Hagenbuch Family Birth and Baptismal Frakturs
Birth and baptismal records are an important source of genealogical information. Most notably, they provide the birth dates of individuals. However, they also reveal family relationships such as parents and, in the case of baptisms, sponsors (godparents).
During the 1700s and 1800s, Pennsylvania Germans created ornately decorated birth and baptismal certificates. Today, these are called Frakturs. The word fraktur refers to a style of calligraphy that was common in German-speaking countries between the 16th and early 20th centuries. It comes from the Latin word fractura, which means “to break or fracture.” The Fraktur typeface is similar to the lettering used in the Hagenbuch family coat of arms and at the top of this website.
Fraktur calligraphy was popular with Pennsylvania Germans and can be seen in many of the documents they created. This is especially true of birth and baptismal certificates. Besides lettering, these were often embellished with beautiful, hand colored drawings. Eventually, the stylized documents would become collectable pieces of folk art known as Frakturs.
The below image depicts a birth and baptismal Fraktur for Johann Martin Bely (Bailey) from 1755. The Baileys were neighbors of the Hagenbuchs and lived in Albany Township, Berk County, Pennsylvania. In fact, this Fraktur shows that the Hagenbuchs and Baileys shared a close relationship. Andreas Hagenbuch and his wife Maria Margaretha were chosen as the sponsors at the child’s baptism.
According to the Free Library of Philadelphia, who holds the Bailey Fraktur in its collections, the main text translates as follows:
Johann Martin Bely saw the light of this world in Pennsylvania, in the Township Albany or Allemängell, the County Berks, in the year of the Lord 1754, and was baptized 1755, the 25th of May. His father is the honorable Frantz Bely and his mother Christina. The sponsors were the honorable Andreas Hagebuch and wife Maria Margaretha. This is hereby attested by me, Daniel Schumacher, at the time Evangelical Lutheran pastor in Pennsylvania, by his own hand.
In addition, the text found in the hearts says:
Heart, see your path, o, heaven above.
Be and remain devoted to God through true faith to live as a Christian.
Fear God and keep his commandments for it is the responsibility of all people.
In his detailed personal records of baptisms, the Reverend Daniel Schumacher notes that he created the Fraktur that was presented to the Bailey family. He also writes that the baptism occurred at the home of the Bailey family.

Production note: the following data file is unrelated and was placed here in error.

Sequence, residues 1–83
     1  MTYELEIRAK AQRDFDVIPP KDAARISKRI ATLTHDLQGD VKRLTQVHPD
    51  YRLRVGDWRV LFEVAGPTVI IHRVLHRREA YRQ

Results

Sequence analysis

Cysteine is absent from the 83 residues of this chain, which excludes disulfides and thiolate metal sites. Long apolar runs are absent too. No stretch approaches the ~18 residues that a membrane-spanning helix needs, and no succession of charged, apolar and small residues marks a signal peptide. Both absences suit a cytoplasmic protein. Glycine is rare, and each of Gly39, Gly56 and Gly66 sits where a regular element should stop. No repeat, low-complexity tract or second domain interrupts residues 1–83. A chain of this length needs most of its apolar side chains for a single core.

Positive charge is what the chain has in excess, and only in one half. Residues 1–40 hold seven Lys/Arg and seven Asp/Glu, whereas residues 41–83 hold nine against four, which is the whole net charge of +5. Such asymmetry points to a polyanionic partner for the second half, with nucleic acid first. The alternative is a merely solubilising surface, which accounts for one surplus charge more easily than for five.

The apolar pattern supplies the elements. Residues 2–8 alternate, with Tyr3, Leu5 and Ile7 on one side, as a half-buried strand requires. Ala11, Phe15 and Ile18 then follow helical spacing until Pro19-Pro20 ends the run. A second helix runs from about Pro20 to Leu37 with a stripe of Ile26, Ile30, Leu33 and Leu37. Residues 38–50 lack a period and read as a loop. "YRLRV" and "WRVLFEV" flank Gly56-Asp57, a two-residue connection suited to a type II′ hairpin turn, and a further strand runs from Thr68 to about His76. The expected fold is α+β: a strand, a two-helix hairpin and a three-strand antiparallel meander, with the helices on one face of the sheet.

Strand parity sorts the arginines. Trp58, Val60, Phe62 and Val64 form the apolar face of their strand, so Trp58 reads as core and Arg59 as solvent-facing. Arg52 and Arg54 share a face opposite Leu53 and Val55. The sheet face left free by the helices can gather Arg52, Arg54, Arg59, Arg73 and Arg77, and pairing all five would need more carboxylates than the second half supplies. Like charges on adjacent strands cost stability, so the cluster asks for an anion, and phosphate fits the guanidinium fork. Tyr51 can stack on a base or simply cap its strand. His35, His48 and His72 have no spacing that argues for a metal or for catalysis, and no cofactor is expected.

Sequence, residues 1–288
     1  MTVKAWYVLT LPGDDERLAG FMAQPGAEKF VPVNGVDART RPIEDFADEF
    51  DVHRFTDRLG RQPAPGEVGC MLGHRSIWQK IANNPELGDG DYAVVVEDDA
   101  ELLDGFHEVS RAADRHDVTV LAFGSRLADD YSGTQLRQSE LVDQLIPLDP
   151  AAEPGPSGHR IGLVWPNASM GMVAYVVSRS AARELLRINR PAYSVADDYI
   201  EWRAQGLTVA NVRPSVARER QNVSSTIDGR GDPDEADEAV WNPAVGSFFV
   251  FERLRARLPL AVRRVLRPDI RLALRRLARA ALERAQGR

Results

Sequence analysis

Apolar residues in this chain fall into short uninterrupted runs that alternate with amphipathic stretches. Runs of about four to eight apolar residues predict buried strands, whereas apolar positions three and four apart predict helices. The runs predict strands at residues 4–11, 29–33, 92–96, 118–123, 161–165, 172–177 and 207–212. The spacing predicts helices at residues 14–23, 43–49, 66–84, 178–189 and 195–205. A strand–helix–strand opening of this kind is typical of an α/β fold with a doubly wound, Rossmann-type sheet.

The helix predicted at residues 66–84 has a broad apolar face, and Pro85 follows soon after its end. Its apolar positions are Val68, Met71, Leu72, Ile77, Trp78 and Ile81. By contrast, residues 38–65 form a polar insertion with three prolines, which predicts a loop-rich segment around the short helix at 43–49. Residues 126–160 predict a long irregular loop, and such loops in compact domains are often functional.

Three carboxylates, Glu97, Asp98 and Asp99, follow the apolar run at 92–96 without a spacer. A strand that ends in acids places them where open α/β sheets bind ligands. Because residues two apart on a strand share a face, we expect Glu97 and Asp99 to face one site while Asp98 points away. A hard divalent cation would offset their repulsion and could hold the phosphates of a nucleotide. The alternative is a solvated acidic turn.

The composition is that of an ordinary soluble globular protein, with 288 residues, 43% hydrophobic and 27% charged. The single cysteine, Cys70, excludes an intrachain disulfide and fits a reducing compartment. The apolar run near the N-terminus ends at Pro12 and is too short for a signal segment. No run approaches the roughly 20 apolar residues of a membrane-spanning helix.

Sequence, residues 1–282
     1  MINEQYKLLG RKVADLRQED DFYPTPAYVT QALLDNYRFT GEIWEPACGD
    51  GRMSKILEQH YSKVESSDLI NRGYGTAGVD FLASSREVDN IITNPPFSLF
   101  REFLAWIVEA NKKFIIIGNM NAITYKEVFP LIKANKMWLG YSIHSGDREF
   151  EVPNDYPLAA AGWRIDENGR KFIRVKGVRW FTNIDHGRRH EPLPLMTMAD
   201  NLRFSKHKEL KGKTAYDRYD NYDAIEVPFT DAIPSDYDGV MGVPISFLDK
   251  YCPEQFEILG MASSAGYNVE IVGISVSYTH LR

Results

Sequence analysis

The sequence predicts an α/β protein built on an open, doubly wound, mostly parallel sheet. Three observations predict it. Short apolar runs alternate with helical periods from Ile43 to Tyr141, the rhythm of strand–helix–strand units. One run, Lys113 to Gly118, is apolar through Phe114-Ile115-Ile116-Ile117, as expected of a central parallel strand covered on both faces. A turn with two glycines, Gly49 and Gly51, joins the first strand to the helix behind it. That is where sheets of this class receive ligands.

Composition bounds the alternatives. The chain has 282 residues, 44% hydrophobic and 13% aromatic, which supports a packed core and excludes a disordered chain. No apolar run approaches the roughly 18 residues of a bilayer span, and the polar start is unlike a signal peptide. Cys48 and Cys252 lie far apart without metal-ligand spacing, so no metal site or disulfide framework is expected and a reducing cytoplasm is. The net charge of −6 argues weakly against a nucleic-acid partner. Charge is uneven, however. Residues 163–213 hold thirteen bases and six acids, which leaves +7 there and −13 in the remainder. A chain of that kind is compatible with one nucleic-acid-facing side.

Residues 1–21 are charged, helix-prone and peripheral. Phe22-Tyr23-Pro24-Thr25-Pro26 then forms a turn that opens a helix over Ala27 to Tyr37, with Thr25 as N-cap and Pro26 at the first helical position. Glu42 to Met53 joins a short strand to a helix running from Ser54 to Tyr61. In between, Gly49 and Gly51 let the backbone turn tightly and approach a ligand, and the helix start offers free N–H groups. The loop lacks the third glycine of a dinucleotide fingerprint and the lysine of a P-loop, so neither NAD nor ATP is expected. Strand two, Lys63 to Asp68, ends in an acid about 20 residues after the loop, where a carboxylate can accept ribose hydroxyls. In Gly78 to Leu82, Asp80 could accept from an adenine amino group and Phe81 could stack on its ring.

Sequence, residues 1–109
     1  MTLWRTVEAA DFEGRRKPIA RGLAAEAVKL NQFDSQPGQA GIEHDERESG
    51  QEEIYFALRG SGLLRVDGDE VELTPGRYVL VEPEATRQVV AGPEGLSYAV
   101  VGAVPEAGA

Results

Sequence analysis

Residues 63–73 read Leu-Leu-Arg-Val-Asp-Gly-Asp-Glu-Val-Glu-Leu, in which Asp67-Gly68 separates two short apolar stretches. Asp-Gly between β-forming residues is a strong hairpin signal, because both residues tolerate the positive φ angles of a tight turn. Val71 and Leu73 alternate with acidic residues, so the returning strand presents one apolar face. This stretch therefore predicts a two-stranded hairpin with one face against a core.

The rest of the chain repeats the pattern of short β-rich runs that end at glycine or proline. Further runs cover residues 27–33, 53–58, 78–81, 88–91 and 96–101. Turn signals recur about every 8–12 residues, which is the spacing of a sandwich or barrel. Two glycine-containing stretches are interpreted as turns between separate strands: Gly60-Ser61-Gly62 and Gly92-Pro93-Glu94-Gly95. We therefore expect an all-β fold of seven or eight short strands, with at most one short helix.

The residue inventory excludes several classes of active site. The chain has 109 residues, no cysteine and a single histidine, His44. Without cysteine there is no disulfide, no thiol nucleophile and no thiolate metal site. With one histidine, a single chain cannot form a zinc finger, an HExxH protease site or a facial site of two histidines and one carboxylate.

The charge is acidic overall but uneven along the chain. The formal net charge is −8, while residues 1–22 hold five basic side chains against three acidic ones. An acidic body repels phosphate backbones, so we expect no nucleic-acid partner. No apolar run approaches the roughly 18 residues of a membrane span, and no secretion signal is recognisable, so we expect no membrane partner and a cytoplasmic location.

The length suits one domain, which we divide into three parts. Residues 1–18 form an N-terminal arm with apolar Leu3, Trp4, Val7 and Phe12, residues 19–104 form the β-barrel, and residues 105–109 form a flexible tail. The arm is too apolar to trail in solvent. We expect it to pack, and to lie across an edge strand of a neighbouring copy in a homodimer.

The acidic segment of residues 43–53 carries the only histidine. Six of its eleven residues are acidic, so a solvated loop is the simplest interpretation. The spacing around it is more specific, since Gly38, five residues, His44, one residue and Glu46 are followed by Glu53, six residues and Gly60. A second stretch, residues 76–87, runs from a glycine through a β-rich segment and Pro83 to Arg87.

The strong relationship between the Hagenbuch and Bailey families is further supported by an 1763 account of an attack by American Indians. This was previously mentioned in the article, Hagenbuchs Face Danger on Pennsylvania’s Frontier:
Philadelphia, November 15: The following account we have from Reading, in Berk’s County, viz: That on the 8th Inst. in the morning, the house of Frantz Bailey, in Albany Township was attacked by a party of Indians, who fired several times through his windows upon which he got up and fired at the enemy, when he received a wound in his wrist and one of his children, a boy, was killed. That one Hagenbuch, and two of his sons, hearing the firing went to his assistance, which made the Indians go off, without destroying the house or barn.
In the account, it is noted that Andreas Hagenbuch and his sons Henry and Michael ran to help the Baileys. Johann Martin Bailey, Andreas’s godson, was not the boy killed in the attack. He lived into the early 1800s and can be seen as the Martin Bailey owning land adjacent to the Hagenbuch homestead.
The above image shows another example of a birth and baptismal Fraktur. This one is for Karl (Charles) Hagenbuch and is from 1811. Unfortunately, there is no higher resolution version available. The Fraktur is in a private collection. It was last sold at auction in 2010 for $900.
Charles Hagenbuch was born on June 6, 1811 on his family’s farm near Bloomsburg, Pennsylvania. Charles’s parents were John Hagenbuch (b. 1763) and Magdalena Dreisbach (b. 1766). John was the youngest son of Andreas Hagenbuch and Maria Margaretha, making Charles a grandson of Andreas.
Charles Hagenbuch married Elizabeth Hess. They had nine children: Charles, Artemus, Henry W., Matilda, Lavina, Hiram, Cilicia, Sarah Elizabeth, and Emma Jane. On March 26, 1870, Charles died and was buried at St. John’s Lutheran Church (also known as Delaware Run Lutheran Church) near Dewart, PA.
Along with being beautiful pieces of artwork, these Frakturs are important pieces of Hagenbuch family history. They reveal information, relationships, and stories from the past. They also demonstrate the necessity of keeping such artifacts within the family, lest they pass into the hands of private collectors.